Effects of medications and surgery on intraocular pressure fluctuation.
ABSTRACT Intraocular pressure (IOP) varies dynamically throughout the circadian cycle. IOP elevations during the nocturnal period may be particularly important in the pathogenesis of glaucoma, although sleeping IOP cannot be measured at this time. Additionally, IOP fluctuations may be an independent risk factor for glaucoma. However, not all glaucoma therapies are equally effective at lowering IOP throughout the 24-hour period. The prostaglandin analogs have excellent IOP control throughout the 24-hour period, although less at night than during the day. In contrast, some other classes of medications, such as the beta-blockers, have little or no IOP-lowering effect at night. The prostaglandin analogs also have excellent persistency of IOP lowering, lasting at least as long as the 24-hour dosing period, and likely much longer. Glaucoma filtering surgery appears to have even better 24-hour IOP reduction and smaller fluctuations than maximal medical therapy including prostaglandin analogs.
Article: Ab externo trabeculectomy performed under topical anesthesia supplemented by conscious sedation.[show abstract] [hide abstract]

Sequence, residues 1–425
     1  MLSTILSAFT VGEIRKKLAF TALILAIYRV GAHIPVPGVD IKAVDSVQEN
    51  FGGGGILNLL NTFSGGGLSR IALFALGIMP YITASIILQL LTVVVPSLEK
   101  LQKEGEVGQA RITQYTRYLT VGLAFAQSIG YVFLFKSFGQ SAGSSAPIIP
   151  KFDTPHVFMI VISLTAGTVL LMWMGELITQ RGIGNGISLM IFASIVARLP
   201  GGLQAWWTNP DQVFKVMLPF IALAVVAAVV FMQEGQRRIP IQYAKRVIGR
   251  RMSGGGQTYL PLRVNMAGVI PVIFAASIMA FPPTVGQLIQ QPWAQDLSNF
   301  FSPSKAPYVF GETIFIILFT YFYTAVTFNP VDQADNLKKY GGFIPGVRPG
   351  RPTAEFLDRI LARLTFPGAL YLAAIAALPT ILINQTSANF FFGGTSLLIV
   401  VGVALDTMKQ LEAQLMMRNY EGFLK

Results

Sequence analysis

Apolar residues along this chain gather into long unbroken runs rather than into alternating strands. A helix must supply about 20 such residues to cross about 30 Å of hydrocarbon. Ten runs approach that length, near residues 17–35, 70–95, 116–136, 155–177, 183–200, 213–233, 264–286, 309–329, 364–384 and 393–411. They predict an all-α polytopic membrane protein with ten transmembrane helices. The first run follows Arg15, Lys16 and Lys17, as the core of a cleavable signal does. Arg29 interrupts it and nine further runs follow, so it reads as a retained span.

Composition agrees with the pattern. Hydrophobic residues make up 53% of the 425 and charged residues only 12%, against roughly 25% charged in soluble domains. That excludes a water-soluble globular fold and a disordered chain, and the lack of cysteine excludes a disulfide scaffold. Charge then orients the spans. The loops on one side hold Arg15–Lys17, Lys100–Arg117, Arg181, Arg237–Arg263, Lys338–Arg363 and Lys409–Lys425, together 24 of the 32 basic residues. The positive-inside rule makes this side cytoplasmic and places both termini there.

ABSTRACT: Ab externo trabeculectomy (AET) is the most common surgical procedure to treat glaucoma; topical anesthesia supplemented by conscious sedation is one of the diverse anesthetic methods to perform such type of surgery. The efficacy and safety of using topical anesthesia supplemented with conscious sedation for performing trabeculectomy were assessed in this prospective study. Twenty-six eyes of 26 consecutive patients underwent trabeculectomy under the effect of topical anesthesia and sedation. All cases were prospectively assessed during five different intra-operative times in which the degree of pain was measured using a visual analog scale (VAS). One patient was excluded from the study due to excessive somnolence. Performing the iridectomy caused less tolerance (p = 0.03) but with acceptable scores according to the VAS (score 2 = minimal and tolerable pain; p = 0.02), followed by conjunctival closure (nonsignificant p values). The entire procedure did not cause either moderate to extreme pain (scores 4 and 5 of the scale, respectively) in any of the patients. Levels of pain, blood pressure, heart rate, and oxygen saturation were compared among the different intra-operative times. No statistically significant (p >0.05) differences were demonstrated. Eighty percent (n = 4) of the patients with green or blue iris had symptoms during the surgery, but this was of borderline statistical significance (p = 0.053). No ocular or systemic side effects appeared related to the reported anesthesia regime. Topical anesthesia associated with conscious sedation seems to be efficacious and safe and can be recommended for performing trabeculectomy.Cirugia y cirujanos 05/2011; 79(3):215-9, 233-8. · 0.14 Impact Factor